Yesterday, Annie wanted us to have Halloween masks. I took a 9×12 sheet of bristol, painted on it with a brush pen, cut eye holes, etc., and viola, masks. This one (for Annie) was my favorite. The mask has creative possibilities I may have to revisit in the future.
This morning, Harley Stroh pointed out that Joe Goodman shared some of the sketches he and I have been passing back and forth about the new interior illustrations for the 4th Printing DCC book kickstarter. The sketches in there are just pencils, but they hint at what is to come. I can’t reveal too much, but there is more to come; stay tuned!
James M. has been producing a magazine for M.A.R Barker’s Tekumel called “The Excellent Traveling Volume” and has asked me to provide a few illustrations. One of them presented an interesting problem: how do you draw a creature that is ‘made of light’? The answer turned out to be to draw everything around it and just leave the paper blank.
The dude in the front in the marching band type hat isn’t the subject of the picture; he’s just there to show you how fucking bright the ball of light is. The hat is, admittedly, bizarre… but that’s how they roll on Tekumel.
Get all the details here: https://www.kickstarter.com/projects/1409961192/dcc-rpg-4th-printing
I guess Goodman Games is almost sold out of DCC Rule books, because Joe has announced that they are going to print it AGAIN! This reprint includes everything from the original, plus a few edits for typos, a new sample adventure and some other details and stretch goals, including variant covers, a super-deluxe silver foil leather cover, etc. Get the details on the link above.
I’m currently slaving away on drawings for the 4th edition… we are shoehorning MORE art into this already profusely illustrated tome!
Peter Mullen did one of the new variant covers which I am really enjoying:
One of my favorite ways to spend some time with my muse.
A number of years ago I worked at a commercial photography studio as a photographer. We were all supposed to come up with a ‘creative’ image to inspire our ‘friends’ at our sister agency in order to get new clients. Towards this end, they wanted us to come up with sample images that would ‘engage’ the creatives at agencies and get them to hire us to help them shoot their next ad campaign. After pitching dozens of ideas and getting shot down on each one, I finally just went to my studio space and made the above image. Those are my hands and it is a reference to the famous M. C. Escher drawing of ‘hands’ (reproduced below) that has graced the dorm room walls and T shirts of American college students since dorm rooms and T shirts were invented. Everything else I had proposed had been considered, ‘too weird.’ I showed the above work to my studio manager and he said, “I don’t get it.”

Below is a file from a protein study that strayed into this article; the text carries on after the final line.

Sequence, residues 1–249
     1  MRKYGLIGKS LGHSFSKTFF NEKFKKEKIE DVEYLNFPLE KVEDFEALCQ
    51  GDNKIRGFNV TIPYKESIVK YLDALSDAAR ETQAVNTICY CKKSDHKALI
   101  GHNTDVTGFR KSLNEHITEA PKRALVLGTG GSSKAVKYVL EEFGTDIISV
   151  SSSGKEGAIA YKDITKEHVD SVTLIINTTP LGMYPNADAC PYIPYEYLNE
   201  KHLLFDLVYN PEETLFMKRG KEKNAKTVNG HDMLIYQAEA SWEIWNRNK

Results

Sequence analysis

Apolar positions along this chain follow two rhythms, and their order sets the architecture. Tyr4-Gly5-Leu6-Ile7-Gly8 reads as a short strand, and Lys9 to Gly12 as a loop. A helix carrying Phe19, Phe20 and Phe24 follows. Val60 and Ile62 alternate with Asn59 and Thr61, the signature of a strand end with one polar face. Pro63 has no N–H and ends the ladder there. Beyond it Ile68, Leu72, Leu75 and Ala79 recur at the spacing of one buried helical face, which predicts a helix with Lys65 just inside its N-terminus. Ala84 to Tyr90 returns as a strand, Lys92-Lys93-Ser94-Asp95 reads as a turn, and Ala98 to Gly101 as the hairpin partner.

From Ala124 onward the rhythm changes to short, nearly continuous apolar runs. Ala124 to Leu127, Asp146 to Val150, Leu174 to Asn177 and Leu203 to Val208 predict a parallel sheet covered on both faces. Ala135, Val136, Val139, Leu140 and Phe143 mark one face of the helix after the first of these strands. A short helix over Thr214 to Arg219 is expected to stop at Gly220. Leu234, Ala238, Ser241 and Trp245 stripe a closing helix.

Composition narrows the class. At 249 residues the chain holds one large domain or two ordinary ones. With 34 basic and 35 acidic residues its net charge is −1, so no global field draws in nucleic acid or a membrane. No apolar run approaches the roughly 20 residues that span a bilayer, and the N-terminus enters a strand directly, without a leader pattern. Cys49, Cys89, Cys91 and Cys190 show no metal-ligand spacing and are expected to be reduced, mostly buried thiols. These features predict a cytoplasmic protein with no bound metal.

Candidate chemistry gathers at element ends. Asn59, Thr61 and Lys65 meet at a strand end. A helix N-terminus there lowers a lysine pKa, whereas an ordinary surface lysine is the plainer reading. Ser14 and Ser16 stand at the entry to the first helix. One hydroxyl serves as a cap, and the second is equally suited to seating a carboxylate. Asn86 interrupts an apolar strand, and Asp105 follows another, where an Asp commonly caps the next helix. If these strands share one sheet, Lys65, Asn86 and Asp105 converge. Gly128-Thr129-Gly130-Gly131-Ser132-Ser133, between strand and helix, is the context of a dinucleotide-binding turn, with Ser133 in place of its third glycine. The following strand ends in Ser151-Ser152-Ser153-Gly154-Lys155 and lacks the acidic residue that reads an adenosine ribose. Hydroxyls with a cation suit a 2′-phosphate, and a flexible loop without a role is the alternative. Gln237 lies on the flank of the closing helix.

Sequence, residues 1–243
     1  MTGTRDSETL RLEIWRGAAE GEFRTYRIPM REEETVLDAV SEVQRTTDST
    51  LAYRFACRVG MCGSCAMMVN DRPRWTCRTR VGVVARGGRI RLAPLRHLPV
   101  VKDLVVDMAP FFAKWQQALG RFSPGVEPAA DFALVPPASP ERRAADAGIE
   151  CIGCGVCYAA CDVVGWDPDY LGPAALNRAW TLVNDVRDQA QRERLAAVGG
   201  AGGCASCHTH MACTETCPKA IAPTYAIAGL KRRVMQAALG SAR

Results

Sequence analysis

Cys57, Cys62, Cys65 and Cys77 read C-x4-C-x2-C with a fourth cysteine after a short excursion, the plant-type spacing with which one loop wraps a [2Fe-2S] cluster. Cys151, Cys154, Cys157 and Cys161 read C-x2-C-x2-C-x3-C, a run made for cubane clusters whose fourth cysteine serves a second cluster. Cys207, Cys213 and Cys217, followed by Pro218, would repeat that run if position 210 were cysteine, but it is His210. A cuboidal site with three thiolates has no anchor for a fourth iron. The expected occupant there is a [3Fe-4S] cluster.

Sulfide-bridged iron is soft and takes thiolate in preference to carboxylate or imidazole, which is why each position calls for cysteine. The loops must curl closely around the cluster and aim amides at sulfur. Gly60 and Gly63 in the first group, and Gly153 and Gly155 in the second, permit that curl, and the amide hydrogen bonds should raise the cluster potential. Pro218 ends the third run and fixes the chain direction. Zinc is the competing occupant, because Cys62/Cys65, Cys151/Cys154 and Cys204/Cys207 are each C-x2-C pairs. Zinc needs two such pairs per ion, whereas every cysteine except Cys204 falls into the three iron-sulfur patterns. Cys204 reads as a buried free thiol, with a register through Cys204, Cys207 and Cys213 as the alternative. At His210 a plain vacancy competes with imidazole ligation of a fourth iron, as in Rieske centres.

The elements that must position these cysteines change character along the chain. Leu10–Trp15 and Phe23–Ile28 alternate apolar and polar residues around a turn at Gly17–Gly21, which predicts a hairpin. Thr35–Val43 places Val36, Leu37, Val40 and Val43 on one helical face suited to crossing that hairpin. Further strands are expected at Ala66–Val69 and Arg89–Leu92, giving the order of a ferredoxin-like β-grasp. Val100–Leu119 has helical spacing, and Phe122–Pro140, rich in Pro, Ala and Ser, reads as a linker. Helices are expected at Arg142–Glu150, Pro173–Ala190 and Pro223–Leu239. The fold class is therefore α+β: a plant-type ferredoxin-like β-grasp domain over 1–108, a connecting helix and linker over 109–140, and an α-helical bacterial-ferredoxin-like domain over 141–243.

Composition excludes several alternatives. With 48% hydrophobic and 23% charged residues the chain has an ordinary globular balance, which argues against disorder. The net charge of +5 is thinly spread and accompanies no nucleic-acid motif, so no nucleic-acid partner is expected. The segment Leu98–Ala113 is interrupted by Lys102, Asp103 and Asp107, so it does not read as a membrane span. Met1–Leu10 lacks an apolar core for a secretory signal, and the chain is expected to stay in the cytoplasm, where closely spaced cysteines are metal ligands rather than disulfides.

“It’s based on that M.C. Escher drawing,” I said. “It’s supposed to be about the creative process.” I showed him the original drawing. I didn’t think M.C. Escher was unknown or obscure and I thought the idea of hands drawing themselves, at an ad agency, wouldn’t be ‘too far out there.’ Since an ad agency came up with Starkist’s “Charley Tuna” (a fish who wants to be eaten), hands that draw themselves and then pop out of the paper and become real seems pretty positive to me.
The studio manager looked puzzled. “Who?” I showed him the drawings of Escher online and told him Escher was very well known and popular. I thought most of the people at the agency would know who M.C. Escher was and I was baffled that he didn’t know who Escher was.
He looked at the drawings without interest and said, “That is weird. I still don’t get it,” and walked away. We continued to photograph cans of beans, rolls of paper towels and packs of tube socks until the studio went out of business a few years later. It’s not as if I didn’t try.